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Yasushi Mizukami, Yuki Takahashi, Hirofumi Adachi
(Department of Thoracic Surgery, National Hospital Organization, Hokkaido Cancer Center, Sapporo, Hokkaido, Japan)
Am J Case Rep 2019; 20:1049-1056
Correctly diagnosing a staple-line mass after pulmonary resection for lung malignant tumor can be difficult. Differential diagnoses of recurrence, infectious mass, granuloma, and so on must be considered, despite their rarity. We report two cases of pulmonary staple-stump granuloma after segmentectomy for lung cancer.
CASE REPORT: Case 1 involved a 70-year-old man with small nodule in the left upper lobe identified on computed tomography (CT). Video-assisted thoracoscopic (VATS) left upper division segmentectomy was performed. Histopathological examination revealed squamous carcinoma. Follow-up CT 1 year postoperatively showed a shadow at the staple-stump, with growth evident later. CT-guided biopsy found no malignancy. However, complete left upper lobectomy was performed because of the gradually enlarging lesion. Histopathological examination revealed epithelioid granuloma. Case 2 involved a 60-year-old with suspected lung cancer in the right upper lobe. VATS right upper division segmentectomy (S2) was performed. CT at 30 months postoperatively showed a shadow at the staple line, with subsequent growth. VATS right upper lobectomy was performed. Intraoperative rapid diagnosis revealed epithelioid granuloma. These two cases were compared with five cases of staple-stump recurrence in our institution. All cases of recurrence grew concentrically or radially from the staple line with the mass surrounding the staple line. On the other hand, cases of granuloma extended along the long axis of the staple line, and 3-dimensional CT (3DCT) may help to understand the morphology.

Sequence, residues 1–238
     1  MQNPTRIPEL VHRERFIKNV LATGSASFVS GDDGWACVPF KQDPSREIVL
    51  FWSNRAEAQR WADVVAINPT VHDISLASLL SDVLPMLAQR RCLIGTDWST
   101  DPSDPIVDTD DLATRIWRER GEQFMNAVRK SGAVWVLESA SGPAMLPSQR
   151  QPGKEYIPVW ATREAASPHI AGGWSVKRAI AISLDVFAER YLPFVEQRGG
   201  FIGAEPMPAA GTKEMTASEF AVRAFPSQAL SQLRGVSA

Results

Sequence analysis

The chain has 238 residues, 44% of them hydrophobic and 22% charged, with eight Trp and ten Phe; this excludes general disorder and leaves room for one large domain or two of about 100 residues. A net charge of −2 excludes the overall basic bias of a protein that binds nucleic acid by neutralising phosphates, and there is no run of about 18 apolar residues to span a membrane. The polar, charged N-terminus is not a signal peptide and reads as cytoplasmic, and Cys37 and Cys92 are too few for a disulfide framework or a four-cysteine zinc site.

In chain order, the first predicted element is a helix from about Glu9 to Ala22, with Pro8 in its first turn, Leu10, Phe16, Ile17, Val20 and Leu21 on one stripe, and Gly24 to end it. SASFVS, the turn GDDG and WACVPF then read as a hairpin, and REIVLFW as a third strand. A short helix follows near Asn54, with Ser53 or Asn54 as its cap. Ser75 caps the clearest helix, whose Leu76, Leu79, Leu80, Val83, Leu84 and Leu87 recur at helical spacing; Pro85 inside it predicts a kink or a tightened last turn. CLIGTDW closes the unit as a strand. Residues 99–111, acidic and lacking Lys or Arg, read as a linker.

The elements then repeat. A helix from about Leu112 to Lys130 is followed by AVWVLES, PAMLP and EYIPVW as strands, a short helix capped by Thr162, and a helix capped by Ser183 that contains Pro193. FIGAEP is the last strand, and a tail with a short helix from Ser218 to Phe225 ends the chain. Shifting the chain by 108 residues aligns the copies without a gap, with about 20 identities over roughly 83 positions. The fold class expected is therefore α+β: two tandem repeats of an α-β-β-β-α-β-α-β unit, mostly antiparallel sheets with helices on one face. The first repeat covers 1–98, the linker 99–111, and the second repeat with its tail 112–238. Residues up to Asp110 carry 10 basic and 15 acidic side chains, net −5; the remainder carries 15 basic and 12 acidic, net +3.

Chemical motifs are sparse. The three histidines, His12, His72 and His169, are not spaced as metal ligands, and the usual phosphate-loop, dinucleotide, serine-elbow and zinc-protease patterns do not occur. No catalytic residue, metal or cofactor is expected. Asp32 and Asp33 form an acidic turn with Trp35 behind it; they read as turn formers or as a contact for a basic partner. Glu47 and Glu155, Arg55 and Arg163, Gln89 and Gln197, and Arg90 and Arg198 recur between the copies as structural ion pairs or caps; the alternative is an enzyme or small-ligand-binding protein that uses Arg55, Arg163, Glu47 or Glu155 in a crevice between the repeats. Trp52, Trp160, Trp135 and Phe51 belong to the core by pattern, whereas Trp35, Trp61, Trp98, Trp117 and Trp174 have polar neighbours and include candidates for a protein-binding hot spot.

CONCLUSIONS: Although preoperative differentiation of staple-line granuloma is difficult and pathological diagnosis is important, characteristic radiologic features and 3DCT may facilitate diagnosis.